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Use It or Lose It

Prompted by weeks (months, really) of reading about it, and specifically by a tweet by journalist Glyn Moody, I just sent this email to all six of my MEPs using the handy forms at WriteToThem.

Dear Mr Smith/Mr Hudghton/Mr Martin/Ms Stihler/Lady Mobarik/Mr Coburn,

I’m writing to you as one of my 6 MEPs to ask you to support changes to the proposed EU directive on copyright in the Digital Single Market, which as it stands will have a major impact on how the Internet works in the EU and beyond. Scotland and the UK will be affected one way or another whatever happens with Brexit, but I fear that Brexit has overshadowed this development in most people’s minds.

I work at the University of Edinburgh on our Digital Education programme, and have been looking at issues surrounding online intellectual property for almost twenty years. I’m concerned that aspects of the EU copyright directive could damage the economic, creative and educational potential of the Internet and the Web. I’ve found the online commentary of UK journalist Glyn Moody and MEP Julia Reda particularly helpful on these issues.

Article 13 of the proposed directive will impose on popular sites like Twitter and Facebook an obligation to monitor all user uploads for copyright infringement, which will be impossible to implement without collateral damage. Automated online filtering is already notorious for producing false positives, yet there would be no practical way to implement mass upload filtering without automation. The potential for a chilling effect on online debate is great. I’m concerned that it will limit the scope for ordinary people to make their voices heard online, returning us to a time when only those published through official, vetted channels are heard.

Article 11, introducing an ancillary copyright for news publications, who will then be able to charge sites using news “snippets” or block them from doing so, promises to have a counterproductive effect on the visibility of news online, as we have already seen in Spain and Germany where such schemes have been attempted. In Spain, Google has shut down its Google News search completely, leading to sharp declines in traffic to Spanish newspaper sites. This is surely a particularly bad moment in history to be discouraging popular traffic to legitimate news sources.

Article 3, providing a copyright exception on Text and Data Mining, is welcome recognition for an important new research tool, but its narrow focus on “research organisations“ and ”scientific research” could cause difficulties for academic researchers working in non-scientific fields or outside a specific research organisation. It also excludes non-academic uses in far too broad a way, shutting off prospective commercial uses by the digital start-ups of the future.

I hope you will oppose Articles 11 and 13, and support amendments to Article 3 to grant a broader exemption for Text and Data Mining than it currently allows.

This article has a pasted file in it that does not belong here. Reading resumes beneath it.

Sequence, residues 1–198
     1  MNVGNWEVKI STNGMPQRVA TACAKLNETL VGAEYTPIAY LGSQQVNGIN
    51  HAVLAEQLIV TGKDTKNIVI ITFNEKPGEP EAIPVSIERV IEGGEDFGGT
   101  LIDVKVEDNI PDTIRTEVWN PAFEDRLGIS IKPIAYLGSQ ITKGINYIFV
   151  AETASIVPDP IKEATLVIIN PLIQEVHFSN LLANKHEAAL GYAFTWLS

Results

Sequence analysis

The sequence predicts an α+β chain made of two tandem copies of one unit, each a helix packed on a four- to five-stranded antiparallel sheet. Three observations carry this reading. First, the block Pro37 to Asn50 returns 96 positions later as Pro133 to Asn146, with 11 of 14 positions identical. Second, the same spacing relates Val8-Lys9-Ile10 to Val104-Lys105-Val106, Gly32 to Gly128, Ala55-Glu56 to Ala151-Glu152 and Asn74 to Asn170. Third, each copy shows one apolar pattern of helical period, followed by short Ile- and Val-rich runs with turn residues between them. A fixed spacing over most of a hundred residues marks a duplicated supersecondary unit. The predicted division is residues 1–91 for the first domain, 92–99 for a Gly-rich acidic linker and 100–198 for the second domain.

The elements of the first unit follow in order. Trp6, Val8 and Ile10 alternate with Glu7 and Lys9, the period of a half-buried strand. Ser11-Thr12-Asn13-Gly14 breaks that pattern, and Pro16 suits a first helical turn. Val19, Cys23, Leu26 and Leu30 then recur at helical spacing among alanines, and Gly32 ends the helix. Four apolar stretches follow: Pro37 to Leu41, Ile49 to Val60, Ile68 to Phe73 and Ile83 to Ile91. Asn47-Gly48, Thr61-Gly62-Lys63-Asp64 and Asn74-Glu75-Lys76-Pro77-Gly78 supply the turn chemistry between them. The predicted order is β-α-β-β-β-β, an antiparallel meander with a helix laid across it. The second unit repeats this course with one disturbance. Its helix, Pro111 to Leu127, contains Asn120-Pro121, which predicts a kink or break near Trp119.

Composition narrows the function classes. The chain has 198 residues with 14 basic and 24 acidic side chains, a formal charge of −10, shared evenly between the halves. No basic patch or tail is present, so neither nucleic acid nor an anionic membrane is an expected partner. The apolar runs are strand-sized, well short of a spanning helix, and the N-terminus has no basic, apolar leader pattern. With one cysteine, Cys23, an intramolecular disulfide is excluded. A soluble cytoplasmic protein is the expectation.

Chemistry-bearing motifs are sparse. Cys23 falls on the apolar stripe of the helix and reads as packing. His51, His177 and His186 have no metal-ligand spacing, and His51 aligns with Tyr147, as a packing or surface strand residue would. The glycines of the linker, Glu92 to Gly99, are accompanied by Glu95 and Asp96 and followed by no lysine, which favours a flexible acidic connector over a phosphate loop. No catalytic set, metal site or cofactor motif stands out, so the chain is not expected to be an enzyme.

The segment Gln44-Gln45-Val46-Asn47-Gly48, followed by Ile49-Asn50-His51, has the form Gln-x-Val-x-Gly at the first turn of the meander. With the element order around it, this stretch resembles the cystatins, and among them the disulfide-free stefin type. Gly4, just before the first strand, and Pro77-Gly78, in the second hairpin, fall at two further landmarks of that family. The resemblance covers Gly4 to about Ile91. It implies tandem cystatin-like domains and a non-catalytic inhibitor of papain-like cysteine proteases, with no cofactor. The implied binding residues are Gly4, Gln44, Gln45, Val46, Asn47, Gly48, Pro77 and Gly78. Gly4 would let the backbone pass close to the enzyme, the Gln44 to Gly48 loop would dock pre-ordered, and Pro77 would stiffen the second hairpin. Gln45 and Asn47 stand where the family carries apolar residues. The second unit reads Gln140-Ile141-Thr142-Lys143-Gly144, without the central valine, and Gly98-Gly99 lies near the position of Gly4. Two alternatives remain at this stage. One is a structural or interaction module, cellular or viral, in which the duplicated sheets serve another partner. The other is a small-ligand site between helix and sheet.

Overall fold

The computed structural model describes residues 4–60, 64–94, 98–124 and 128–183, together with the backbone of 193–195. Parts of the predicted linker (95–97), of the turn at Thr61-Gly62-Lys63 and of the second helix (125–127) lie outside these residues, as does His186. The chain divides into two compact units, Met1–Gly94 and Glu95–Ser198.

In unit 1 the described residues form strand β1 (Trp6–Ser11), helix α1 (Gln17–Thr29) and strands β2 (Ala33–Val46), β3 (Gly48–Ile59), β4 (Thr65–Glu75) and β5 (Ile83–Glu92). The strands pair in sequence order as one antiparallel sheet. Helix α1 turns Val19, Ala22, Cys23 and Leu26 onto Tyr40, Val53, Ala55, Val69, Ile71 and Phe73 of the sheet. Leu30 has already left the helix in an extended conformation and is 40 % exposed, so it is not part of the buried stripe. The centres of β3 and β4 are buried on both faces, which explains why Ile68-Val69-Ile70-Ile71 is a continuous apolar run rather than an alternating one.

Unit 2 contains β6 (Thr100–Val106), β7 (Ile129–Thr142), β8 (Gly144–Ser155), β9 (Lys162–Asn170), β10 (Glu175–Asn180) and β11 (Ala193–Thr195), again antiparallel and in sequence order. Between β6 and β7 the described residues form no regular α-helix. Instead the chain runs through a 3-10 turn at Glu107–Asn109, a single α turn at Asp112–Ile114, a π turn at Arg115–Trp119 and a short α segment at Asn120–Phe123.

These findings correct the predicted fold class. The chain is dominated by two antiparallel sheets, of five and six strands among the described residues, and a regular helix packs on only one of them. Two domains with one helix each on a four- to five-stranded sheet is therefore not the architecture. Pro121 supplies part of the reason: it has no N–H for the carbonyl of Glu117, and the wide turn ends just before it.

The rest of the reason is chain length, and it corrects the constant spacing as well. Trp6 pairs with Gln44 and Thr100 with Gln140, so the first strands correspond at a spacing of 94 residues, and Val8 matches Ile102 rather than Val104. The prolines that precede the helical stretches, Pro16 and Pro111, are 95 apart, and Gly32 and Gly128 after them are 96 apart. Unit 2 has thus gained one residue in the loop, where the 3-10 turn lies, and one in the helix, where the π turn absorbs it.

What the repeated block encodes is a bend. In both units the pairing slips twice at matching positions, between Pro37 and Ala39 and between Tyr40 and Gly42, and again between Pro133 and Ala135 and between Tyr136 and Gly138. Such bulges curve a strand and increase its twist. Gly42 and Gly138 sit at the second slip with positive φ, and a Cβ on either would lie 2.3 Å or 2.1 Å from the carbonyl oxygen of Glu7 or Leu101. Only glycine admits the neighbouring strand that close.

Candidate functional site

Yours sincerely,

Dr Rory Ewins

For additional context, see Julia Reda’s articles, an overview and blog post by Glyn Moody, and the proposed directive itself—the relevant articles aren’t particularly long.

I’ll be interested to see how the email is received by MEPs from the different parties representing Scotland: SNP, Labour, Conservative and UKIP. I’ll note what I hear back in the comments here.

If it passes as is, this directive will affect the UK whether we stay in the EU, leave with a deal, or leave with none, as it will determine what we can do and read on countless websites based in EU countries. If you’re in the UK, please consider writing a similar email or letter to your MEPs before 20 June. We need to use our voice in the European Parliament while we still have it.

14 June 2018 · Net Culture

I was pleased to get a detailed email response within hours from David Martin MEP, who shares some of my concerns. From his comments it sounds as if many MEPs are listening, and it isn’t a done deal yet. He mentioned that his fellow Labour MEP for Scotland Catherine Stihler is a member of the Internal Market Committee, and has been campaigning for changes to Article 13 in particular. Here’s hoping that their concern bodes well for the Plenary vote in the autumn, if not for the imminent Legal Affairs committee decision—although with any luck, public pressure over the next week will also influence that.

Added by Rory on 15 June 2018.

I heard yesterday from Alyn Smith (SNP), of the Green/EFA group, which has, he tells me, “adopted a firm position on both articles and we intend to vote accordingly on 20 June” in the Legal Affairs committee, for the removal of Articles 11 and 13. Good to hear. This morning his SNP colleague Ian Hudghton replied along similar lines, highlighting the work of Julia Reda, also a member of the Green/EFA group, in this area.

At least two-thirds of my MEPs are therefore opposed to one or both of these articles, which is heartening.

Added by Rory on 19 June 2018.

Damn it, the Legal Affairs committee passed Article 11 by 13 votes to 12, and Article 13 by 15 to 10. The battle now turns to the full parliamentary vote.

https://twitter.com/Senficon/status/1009358461401001984

https://www.theguardian.com/technology/2018/jun/20/eu-votes-for-copyright-law-that-would-make-internet-a-tool-for-control

As an aside, it annoys me that The Guardian has headlined their article “EU votes for copyright law that would make internet a ’tool for control’”. They wouldn’t headline an article about a vote in a UK parliamentary committee as “UK votes for copyright law”, even if that committee vote made the ultimate adoption of the law more likely. It’s this sort of conflation of the entire EU with everything done anywhere in the EU system that helped Euroskeptics bring us Brexit.

Added by Rory on 20 June 2018.


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